Gran Turismo 2 Turns 17!

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On december 11th 2016 Gran Turismo 2 turned 17 years old meaning in the uk it is finally old enough to order its provisional license, so to celebrate I wanted to write about how it became an important part of the car world.


The idea of making a licensed car simulator was born inside the incredible mind of die hard car enthusiast Kazunori Yamauchi in the early nineties, when he felt his dream of becoming a racing driver (a dream he later fulfilled) was unobtainable in his native Japan. He decided his game needed to be much bigger than anything that had come before but unfortunately had no credibility so his then studio poly decided against the costly risk.


A different kind of game:

Motortoon gran prix 1 and 2 became Yamauchi’s first gaming projects, they were silly, none serious and comedic games aping the popular kart game genre that nintendo originated with mario kart. This game seemed as if it was as far as conceivably possible from the seed that would grow into the gran turismo series, but all was not as it seemed, the game became a secret skunk works for testing handling models.


Each car/kart had different characteristics which were albeit exaggerated but through this experience Kazanori and his small team discovered the capabilities of the first sony playstation system, this research and anal attention to detail meant motortoon was a good polished game and meant Kazunori had real weight at poly (soon to become polyphony digital), meaning gran turismo was on.

The unexpected hit:

The first Gran Turismo came onto the scene in 1997 and it was automotive perfection, Yamauchi somehow managed to convince Subaru, Toyota, Nissan, Mitsubishi, Chevrolet, Aston Martin, Dodge, Tvr, Mazda, Honda and Chrystler to not only license there cars into the games but also to lend the cars to game developers to tear around the track until they believed they could accurately simulate the experience, and yes there were some casualties. Gulp.

Sony who made the playstation and owners of polyphony saw the potential the game had to bring in a more mature audience to their system. They quickly decided the controller was not really good enough to get all out of the simulator, so they got to work on creating the playstations first analogue controller which proudly shipped when the game released in december.


Gran Turismo was Driving perfection which offered much more than any driving game ever had before, the graphics pushed the limits of what was possible and a level of detail that the rest of the industry couldn’t catch up with until the next generation of consoles. The level of tuning for instance was insane for such an early console, everything from gear ratios to tyres could be set just to the players spec, you needed to be a race engineer to get everything out of the game. Its no surprise that it was a run away hit that went on to sell 10.85 million copies.

The best gets better:

If Gran Turismo was to have one complaint, it would be that it was a bit too much of a Jap Fest with just a couple of uk and us manufacturers added at what seemed like the last minute. This is unsurprising when the company had little contacts in the industry and the game was thought to only really sell well in Japan. It didnt just sell in Japan however, GT1 was a success on the world stage and Yamauchi got straight to work on the sequel. But this brought in a problem , the team already pushed the limit of the playstation with its engine and graphics and the game was near perfect so GT2 became sort of GT1 on steroids which was in no way a bad thing, you cant fix what isn’t broken.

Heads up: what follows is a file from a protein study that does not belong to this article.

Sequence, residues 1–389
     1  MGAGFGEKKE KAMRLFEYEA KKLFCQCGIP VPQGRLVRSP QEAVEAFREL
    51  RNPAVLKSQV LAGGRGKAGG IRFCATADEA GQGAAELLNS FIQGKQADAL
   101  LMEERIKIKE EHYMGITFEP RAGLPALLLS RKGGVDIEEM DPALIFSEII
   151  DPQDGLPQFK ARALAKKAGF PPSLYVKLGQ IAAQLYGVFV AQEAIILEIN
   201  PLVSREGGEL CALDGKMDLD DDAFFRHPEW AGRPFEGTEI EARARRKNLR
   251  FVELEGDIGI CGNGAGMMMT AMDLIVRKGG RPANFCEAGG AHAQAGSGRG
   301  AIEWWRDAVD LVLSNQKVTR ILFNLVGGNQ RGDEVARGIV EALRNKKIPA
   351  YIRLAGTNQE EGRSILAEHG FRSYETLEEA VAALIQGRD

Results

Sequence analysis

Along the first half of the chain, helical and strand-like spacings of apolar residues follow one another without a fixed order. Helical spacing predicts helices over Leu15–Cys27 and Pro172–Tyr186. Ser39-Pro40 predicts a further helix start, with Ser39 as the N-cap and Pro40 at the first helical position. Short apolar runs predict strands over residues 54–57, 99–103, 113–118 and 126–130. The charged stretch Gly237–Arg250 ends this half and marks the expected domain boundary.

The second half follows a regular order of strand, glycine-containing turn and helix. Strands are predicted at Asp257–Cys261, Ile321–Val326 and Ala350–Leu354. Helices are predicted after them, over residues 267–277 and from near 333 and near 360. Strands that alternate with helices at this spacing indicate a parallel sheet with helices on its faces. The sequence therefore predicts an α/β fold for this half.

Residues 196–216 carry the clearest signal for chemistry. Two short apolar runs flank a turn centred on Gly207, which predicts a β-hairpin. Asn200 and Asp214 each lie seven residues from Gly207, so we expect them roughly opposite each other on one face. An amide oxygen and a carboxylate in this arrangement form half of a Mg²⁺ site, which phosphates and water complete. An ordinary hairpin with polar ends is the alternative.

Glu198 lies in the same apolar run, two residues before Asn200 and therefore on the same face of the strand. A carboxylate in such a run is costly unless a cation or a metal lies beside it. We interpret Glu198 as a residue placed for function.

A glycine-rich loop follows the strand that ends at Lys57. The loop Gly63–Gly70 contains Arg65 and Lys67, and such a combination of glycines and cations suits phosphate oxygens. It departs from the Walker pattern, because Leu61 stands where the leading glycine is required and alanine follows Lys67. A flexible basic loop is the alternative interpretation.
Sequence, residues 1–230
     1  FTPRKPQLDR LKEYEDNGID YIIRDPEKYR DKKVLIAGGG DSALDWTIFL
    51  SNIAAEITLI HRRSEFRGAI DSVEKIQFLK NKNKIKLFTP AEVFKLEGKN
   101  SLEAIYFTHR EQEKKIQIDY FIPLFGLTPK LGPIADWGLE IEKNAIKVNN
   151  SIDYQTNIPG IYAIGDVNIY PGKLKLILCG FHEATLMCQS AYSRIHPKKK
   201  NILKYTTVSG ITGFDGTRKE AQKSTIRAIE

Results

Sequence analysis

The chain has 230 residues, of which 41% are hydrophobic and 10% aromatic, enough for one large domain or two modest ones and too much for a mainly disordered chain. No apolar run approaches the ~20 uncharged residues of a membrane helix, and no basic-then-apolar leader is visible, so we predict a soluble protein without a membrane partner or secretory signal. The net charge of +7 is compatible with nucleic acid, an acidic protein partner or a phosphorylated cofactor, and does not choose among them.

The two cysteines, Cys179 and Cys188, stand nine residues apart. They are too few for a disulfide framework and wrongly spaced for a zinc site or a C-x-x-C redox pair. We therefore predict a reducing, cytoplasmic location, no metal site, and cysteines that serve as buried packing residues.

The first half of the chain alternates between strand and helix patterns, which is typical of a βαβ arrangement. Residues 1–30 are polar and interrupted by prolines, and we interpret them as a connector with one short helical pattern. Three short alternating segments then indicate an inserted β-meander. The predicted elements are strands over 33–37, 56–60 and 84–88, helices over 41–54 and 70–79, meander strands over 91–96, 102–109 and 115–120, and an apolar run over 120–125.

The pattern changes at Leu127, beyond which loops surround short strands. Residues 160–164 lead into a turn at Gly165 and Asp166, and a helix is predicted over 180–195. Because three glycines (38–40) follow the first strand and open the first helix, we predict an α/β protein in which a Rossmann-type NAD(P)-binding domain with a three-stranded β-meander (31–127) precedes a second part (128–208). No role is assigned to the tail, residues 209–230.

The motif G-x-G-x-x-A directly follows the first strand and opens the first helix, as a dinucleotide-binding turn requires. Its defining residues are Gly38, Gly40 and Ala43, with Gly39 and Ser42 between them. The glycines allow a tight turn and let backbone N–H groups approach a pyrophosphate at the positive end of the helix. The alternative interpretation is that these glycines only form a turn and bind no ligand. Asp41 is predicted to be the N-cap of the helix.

Gran turismo shipped with 173 cars and 11 tracks, Gran Turismo 2 shipped with 650 cars and 27 Tracks which now included rallying, the game even had two disks due to the size of the package on offer. The game was no longer a jap fest , although it did have a Japanese bias (but can you blame them?) now the worlds manufacturers wanted to be a part of this phenomenon and the play-station generation became the new baby boomers.

How a game changed my life:

As a young child in the late nineties I was never really really too passionate in anything, I wasn’t that into sport and it would take a couple more years before I started paying attention to music, until I got my playstation in 1998 all I really wanted to was watch the simpsons. Video Games were fun but as I was only 6 I was never really that capable of finishing games like crash bandicoot and spyro the dragon, so to get past bosses or particularly difficult levels I would buy a lot of cheat books. Managing to sneakily get a pirated copy of grand theft auto 2 from a friend on the playground at the start of the new century. I went straight to my cheat books to get the best weapon pack, but accidentally the page slips and I see a walk-through for Gran Turismo 2, the background was an achingly cool black and white Image of a Colin McRae impreza getting air on what looked like a dirt road, I was hooked and by christmas I had my copy (this time legit as I wanted the booklets).

The game was a real revelation, there was no longer levels to complete to move on, there were cevents and license tests but the order you did everything was your own choice, also how you did it was your own choice and to be honest there was never any pressure to do anything. Some people I knew ignored gran turismo mode completely and only played the more basic arcade mode. I however persevered with with Gt mode and I found it so cool to be playing a game where I had imaginary money to spend (now commonplace on car games). Gran Turismo 2 like every gran turismo is a game which rewards knowledge above driving skill, which was my downfall on christmas day 2000 as my first car was chosen on looks alone, the achingly weird and cute Daihatsu Midget 2. Safe to say I lost every race I entered (unsurprising for a 660cc commercial vehicle).